They have returned! The 39,000+ undergraduates enrolled, live and in person, for classes, about 200 yards – 183 meters for the engineers out there – from our front door. Of these, several thousand live within the same distance in every direction. They officially started showing up two weeks ago and tomorrow marks the start of home football season – one that the blue-and-white clad warriors should win.
Winning is good. For us, it is very good. Winning means happy students. Moreover, there will be few unhappy fans from the opposition, as it is a long trek from their much smaller campus, in northeastern Ohio, for the event.
For us, happy students are peaceful students. The worst case is a home loss, on a last-second score, by a hated rival, in a night game: disappointment + exhaustion from a full day of partying + for too many, too much alcohol. This has been a rare event, but occasionally an ugly one.
Let me state up front that I have no right complaining about student behavior, drunken or other. We both knew what undergraduate behavior meant, when we picked a home across from a student high-rise apartment building and within passing distance (sports metaphor alert!) of at least eight fraternity houses. I was a Greek and probably created the average amount of mayhem, in a similar neighborhood, when I attended a large, Midwestern research university.
I was particularly adept at damaging hedges at 2 AM on Saturday nights, especially in the frequent icy weather. The next day, I could not have located these, but I knew it had happened. The occasional re-distribution of beverage vessels, comestible wrappers, and – especially – loud, raucous cheers and the repeated singing of the school’s VERY famous fight song, off-key, of course.
We also knew that we really wanted a student apartment in our basement. We had lived there and rented that more than once, when we were students. So, again we knew what we were doing.
However, there are limits. The first weekend saw no more than the usual number of underage drinking violations, ambulance rides to the ER for alcohol poisoning, etc. Noise that exceeded the tolerance of some neighbors. (Our house is built like a brick-and-concrete bomb shelter, so we rarely notice, except when it occurs under our open windows.) Beer and miscellaneous beverage cans and bottles and assorted trash at the expected levels.
Some incidents crossed the line, however. Some homes, not ours, had damage: a piece removed from an expensive stone garden wall at one and shrubs relocated at others.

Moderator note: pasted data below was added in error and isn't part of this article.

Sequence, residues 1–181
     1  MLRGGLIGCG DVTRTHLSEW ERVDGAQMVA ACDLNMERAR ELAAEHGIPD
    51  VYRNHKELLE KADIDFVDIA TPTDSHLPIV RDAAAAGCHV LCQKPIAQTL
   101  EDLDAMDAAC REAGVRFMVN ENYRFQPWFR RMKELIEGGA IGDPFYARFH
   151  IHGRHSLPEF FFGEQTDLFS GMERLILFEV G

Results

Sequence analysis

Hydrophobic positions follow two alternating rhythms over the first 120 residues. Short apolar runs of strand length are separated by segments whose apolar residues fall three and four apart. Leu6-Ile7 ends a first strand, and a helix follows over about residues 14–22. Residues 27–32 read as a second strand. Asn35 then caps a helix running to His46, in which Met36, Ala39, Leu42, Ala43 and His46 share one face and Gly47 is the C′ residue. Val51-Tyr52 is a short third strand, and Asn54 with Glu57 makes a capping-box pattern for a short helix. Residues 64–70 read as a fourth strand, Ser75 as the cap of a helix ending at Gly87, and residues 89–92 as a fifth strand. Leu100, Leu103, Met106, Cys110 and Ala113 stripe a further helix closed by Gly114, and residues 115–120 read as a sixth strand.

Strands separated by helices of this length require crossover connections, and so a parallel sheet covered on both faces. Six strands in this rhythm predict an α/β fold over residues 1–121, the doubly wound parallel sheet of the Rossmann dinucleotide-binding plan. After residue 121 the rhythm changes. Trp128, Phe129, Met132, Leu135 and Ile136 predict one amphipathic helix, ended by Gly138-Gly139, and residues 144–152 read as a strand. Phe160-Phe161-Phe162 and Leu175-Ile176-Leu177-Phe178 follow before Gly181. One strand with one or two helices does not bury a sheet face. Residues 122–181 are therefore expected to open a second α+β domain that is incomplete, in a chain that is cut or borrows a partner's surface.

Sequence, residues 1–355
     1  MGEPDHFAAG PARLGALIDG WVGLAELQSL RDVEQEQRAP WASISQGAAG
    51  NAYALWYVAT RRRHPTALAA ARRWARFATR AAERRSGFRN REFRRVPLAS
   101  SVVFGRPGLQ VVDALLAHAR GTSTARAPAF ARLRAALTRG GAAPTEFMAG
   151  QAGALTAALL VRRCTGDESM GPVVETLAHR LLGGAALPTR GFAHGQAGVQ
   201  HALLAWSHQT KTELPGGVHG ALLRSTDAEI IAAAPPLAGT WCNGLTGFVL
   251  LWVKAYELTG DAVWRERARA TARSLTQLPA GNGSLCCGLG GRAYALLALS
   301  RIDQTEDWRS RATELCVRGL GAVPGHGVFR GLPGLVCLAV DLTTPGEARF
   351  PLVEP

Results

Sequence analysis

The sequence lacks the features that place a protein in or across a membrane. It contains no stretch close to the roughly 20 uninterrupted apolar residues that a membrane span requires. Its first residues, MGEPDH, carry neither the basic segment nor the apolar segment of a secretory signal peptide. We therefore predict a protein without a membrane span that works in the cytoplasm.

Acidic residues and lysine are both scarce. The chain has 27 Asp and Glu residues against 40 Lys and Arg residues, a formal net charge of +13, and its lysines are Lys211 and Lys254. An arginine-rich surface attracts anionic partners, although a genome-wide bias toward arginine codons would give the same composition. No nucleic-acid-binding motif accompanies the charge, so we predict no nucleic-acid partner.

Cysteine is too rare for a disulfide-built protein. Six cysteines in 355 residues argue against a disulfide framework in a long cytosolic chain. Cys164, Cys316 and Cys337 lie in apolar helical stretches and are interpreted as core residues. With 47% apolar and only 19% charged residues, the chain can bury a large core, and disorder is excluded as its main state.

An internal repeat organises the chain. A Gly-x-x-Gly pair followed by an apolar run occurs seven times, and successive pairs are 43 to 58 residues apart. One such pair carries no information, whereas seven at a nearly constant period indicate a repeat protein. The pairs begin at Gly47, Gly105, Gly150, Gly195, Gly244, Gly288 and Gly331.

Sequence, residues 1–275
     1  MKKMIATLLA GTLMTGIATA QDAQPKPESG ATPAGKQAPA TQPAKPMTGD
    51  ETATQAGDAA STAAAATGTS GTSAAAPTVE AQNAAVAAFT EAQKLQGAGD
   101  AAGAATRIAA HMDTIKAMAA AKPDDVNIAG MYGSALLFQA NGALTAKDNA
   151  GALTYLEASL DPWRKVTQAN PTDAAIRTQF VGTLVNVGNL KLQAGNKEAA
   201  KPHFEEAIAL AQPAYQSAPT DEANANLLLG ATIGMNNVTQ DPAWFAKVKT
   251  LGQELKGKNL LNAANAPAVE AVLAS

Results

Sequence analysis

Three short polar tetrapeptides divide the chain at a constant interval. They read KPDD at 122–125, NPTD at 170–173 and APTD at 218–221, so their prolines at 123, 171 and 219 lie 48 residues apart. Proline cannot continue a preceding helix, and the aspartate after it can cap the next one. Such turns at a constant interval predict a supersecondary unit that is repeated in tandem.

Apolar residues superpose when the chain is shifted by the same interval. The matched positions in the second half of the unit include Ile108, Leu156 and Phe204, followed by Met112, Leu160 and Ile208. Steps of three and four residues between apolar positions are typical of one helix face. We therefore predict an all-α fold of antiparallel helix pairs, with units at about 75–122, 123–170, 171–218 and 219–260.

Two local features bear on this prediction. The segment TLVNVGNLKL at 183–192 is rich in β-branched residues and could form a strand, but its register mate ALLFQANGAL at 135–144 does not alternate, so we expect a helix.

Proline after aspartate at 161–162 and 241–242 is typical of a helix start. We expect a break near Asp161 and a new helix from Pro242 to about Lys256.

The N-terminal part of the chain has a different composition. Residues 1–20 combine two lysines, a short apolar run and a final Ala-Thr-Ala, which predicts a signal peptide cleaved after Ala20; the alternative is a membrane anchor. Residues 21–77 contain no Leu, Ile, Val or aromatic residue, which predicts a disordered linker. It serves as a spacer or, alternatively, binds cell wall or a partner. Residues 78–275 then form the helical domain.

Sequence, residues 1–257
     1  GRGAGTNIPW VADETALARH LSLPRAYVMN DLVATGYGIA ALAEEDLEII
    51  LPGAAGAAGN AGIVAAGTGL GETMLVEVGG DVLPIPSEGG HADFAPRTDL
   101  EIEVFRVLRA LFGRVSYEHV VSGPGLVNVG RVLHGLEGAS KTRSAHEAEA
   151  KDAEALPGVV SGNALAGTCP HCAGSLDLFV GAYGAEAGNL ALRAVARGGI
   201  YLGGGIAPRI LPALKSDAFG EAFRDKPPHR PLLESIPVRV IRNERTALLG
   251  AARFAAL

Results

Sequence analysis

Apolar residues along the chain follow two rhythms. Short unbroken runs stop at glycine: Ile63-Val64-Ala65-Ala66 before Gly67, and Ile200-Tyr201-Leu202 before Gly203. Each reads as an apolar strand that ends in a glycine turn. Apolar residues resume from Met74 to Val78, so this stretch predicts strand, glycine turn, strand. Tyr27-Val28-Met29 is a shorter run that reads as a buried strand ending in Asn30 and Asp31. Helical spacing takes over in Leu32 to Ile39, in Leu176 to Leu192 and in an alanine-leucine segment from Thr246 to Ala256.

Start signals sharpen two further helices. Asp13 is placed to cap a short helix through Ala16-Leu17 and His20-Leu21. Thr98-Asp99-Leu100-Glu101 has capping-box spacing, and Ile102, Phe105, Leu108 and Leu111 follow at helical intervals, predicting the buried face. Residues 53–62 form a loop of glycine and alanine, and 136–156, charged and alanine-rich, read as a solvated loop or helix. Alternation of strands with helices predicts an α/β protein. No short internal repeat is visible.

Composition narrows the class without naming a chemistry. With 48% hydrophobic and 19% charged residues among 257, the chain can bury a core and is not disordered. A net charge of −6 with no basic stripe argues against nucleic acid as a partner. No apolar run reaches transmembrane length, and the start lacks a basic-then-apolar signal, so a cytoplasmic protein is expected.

The tendency is to blame “the students.” However, there are 39,000. Most are well behaved and polite.
One close-by student rental, for several years, earned the name Cheerleader House, because the parents of one bought it for their daughter and some of her pom-pom carrying friends rented from her. You would not know students lived there, if you did not see them coming and going.
One year into varsity hockey, we now have a Hockey House. The reliable word is that a hint of problems whispered in the correct ear will bring a world of trouble down on the residents from their coach.
Yes, some get too rambunctious, but only realize after-the-fact and are appropriately apologetic. The few, however,….
We have also learned that every few years, we need gently to remind our youthful neighbors that they are not alone. That there are families with children, families of faculty and administrators, and more than one member of Borough Council sharing the turf. Sometimes we have to point out that we – and others – not only have a right to live where we do in relative peace, but have been doing so since before they were born/when their parents went here (some, when in town, stop by to say hello)/when their GRANDPARENTS enrolled here.
Saturday night will be the test. Our excellent (really) local gendarmerie can call the State Troopers – including some on horse – if they expect real problems. (Probably not this game.)
Nevertheless, we can expect a few desperadoes – I use the term literally – to choose our yard as an open-air outhouse. (A minor positive: gender equity for this behavior arrived about five years ago.) We can also expect more surprised, late-night trespassers hurriedly exiting our yard, pursued by well-concealed – and well-conditioned – constables on bicycles, across yards and down our numerous alleys.
We shall see.
Next time, some amusing anecdotes from more than a quarter century among our future leaders, educators, and scientists. (Heaven help us all! )